Fairmont debaters head to state

ABOVE: Members and coaches of Fairmont High School’s debate team outside the school before they left for the state tournament on Friday. From left: Coach Erik Walker, Thomas Hamlet, Levi Loughmiller, Dominick Lund-May, Leon Yang, Isaiah Lockwood, Andrew Haefner, Clark Hazard, Season Kotewa, Bel Lutterman, Kelsey Hunter and coach Christine Barkley.

FAIRMONT- Eleven students from Fairmont High School’s debate team are attending the state tournament in at Two Rivers High School in Mendota Heights today. The two day event opened on Friday and is the culmination of their normal debate season.

Erik Walker and Christine Barkley are the team’s coaches. The school’s debate team resurfaced in 2017.

“Being put in a room with two people who have researched exactly how to tell them that they’re wrong about something doesn’t sound fun for most people, but to see students put in that work… (and) wake up early on a Saturday to go do that, that’s just been awesome,” said Walker.

Over the course of the season students competed in teams of two arguing for or against an issue. In order to succeed in debate students must develop and effectively use research, public speaking and teamwork.

Before debating each topic at a tournament, students extensively research both sides of an issue and build their arguments. Effective debaters must then deliver their arguments quickly and clearly once a round has begun. After students give their initial argument, they must then compose and deliver a rebuttal to their opponents’ argument while defending their own.

The issue discussed in the first half of the season was whether or not colleges should accept standardized test scores as part of their admissions process. Discussion during the second half of the season and at the state tournament centers around whether or not the United States should encourage an overthrow of the Iranian government.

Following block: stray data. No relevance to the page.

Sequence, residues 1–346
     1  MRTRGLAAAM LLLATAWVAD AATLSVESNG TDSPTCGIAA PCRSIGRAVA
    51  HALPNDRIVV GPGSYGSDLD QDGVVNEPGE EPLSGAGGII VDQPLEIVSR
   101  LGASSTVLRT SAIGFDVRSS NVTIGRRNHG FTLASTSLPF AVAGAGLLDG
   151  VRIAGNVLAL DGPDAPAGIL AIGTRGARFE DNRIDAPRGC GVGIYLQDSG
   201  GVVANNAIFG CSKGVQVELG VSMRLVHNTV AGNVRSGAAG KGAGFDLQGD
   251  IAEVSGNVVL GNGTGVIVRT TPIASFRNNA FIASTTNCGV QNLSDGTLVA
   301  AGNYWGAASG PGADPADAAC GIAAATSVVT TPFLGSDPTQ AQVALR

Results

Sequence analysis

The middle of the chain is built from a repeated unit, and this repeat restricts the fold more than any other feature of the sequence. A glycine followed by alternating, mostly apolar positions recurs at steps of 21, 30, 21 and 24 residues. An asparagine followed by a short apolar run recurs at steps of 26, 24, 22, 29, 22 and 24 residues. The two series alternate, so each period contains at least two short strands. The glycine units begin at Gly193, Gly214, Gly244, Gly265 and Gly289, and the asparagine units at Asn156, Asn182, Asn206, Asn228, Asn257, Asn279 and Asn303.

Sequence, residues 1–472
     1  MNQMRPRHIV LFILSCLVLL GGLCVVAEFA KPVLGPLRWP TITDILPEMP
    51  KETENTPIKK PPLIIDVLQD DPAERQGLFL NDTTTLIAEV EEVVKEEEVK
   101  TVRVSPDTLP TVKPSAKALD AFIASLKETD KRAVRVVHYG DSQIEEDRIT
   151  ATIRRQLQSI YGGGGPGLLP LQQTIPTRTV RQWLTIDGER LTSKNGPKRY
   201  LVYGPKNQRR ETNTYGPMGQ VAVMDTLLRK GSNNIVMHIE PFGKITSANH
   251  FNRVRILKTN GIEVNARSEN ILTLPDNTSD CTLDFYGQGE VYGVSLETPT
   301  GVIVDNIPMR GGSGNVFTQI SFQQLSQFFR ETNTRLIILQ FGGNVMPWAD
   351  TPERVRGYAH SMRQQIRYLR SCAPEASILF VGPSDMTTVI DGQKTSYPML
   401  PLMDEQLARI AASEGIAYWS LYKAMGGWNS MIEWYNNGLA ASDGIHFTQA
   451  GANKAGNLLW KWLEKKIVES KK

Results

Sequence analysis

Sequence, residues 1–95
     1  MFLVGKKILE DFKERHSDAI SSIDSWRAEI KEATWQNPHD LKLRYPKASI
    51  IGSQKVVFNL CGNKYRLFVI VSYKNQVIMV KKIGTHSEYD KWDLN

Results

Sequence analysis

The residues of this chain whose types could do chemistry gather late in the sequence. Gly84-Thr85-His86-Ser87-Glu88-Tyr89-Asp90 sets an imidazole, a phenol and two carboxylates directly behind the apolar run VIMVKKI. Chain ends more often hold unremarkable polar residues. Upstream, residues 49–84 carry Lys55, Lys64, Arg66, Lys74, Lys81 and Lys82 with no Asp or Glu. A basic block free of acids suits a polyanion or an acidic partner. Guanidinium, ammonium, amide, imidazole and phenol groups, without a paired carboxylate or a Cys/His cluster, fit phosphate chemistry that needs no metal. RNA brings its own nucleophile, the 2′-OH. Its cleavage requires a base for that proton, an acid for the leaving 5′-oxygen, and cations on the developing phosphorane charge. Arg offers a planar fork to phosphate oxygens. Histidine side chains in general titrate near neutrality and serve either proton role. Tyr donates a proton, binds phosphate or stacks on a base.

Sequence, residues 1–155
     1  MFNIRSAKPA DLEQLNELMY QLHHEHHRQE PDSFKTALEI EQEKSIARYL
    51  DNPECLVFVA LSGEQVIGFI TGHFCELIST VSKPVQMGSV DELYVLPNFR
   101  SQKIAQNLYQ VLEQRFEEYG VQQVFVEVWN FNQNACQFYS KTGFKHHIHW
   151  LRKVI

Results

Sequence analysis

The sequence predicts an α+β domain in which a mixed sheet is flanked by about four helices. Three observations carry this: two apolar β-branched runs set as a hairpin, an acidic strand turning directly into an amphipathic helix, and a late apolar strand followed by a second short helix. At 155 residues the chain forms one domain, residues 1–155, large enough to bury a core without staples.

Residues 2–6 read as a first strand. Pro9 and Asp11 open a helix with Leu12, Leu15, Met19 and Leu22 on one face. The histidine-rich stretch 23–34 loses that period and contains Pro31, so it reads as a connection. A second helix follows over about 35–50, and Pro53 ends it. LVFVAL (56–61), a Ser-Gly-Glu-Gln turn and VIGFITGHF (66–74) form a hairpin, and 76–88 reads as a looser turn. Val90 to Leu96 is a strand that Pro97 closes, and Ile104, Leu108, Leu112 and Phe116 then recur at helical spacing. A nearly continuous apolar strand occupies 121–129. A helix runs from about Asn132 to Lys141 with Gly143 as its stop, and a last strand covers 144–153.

Members of the team said discussions of both subjects were very engaging.

“With the SAT and the ACT we’re all going to have to take those tests, and with the Iran topic it’s always developing so every day we come to practice there’s always something new going on we’ll have to practice and research,” said Bel Lutterman, a freshman on the team.

“It’s very interesting to see the different viewpoints and different kinds of information being brought up about Iran that I don’t see everyday,” said Season Kotewa, a sophomore on the team.

When arguing in favor of supporting regime change in Iran debaters may say the unprecedented scale of public protests is a sign the policy could be successful, the United States has a moral responsibility to defend human rights, or Iran’s arms transfers to Russia and Houthi militias in Yemen destabilize global security.

Those arguing against supporting regime change may say it would play into government claims of foreign actors motivating domestic protests, incentivize Iran to develop nuclear weapons, and lead to further human rights abuses.

Once these arguments were developed they’re refined over the course of the season in response to effective counter-strategies students see at tournaments. Repeatedly examining a subject from different sides has led many debaters to think more critically about it.

Walker said, “the debaters get to know a topic so well that when they approach it they might have an opinion one way or the other … at the end of the season I ask the debaters … which side they think is right and they almost always say it’s somewhere in the middle.”

“It makes it really interesting because you have to completely switch your entire mindset and debate from a different standpoint,” said Isaiah Lockwood, a junior on the team.

The state tournament consists of several normal rounds on Friday before proceeding towards elimination rounds on Saturday. Because Fairmont competes in a smaller section it has been easier for them to send more students to the state tournament. This is the first state tournament attended by Fairmont students since the beginning of the pandemic.


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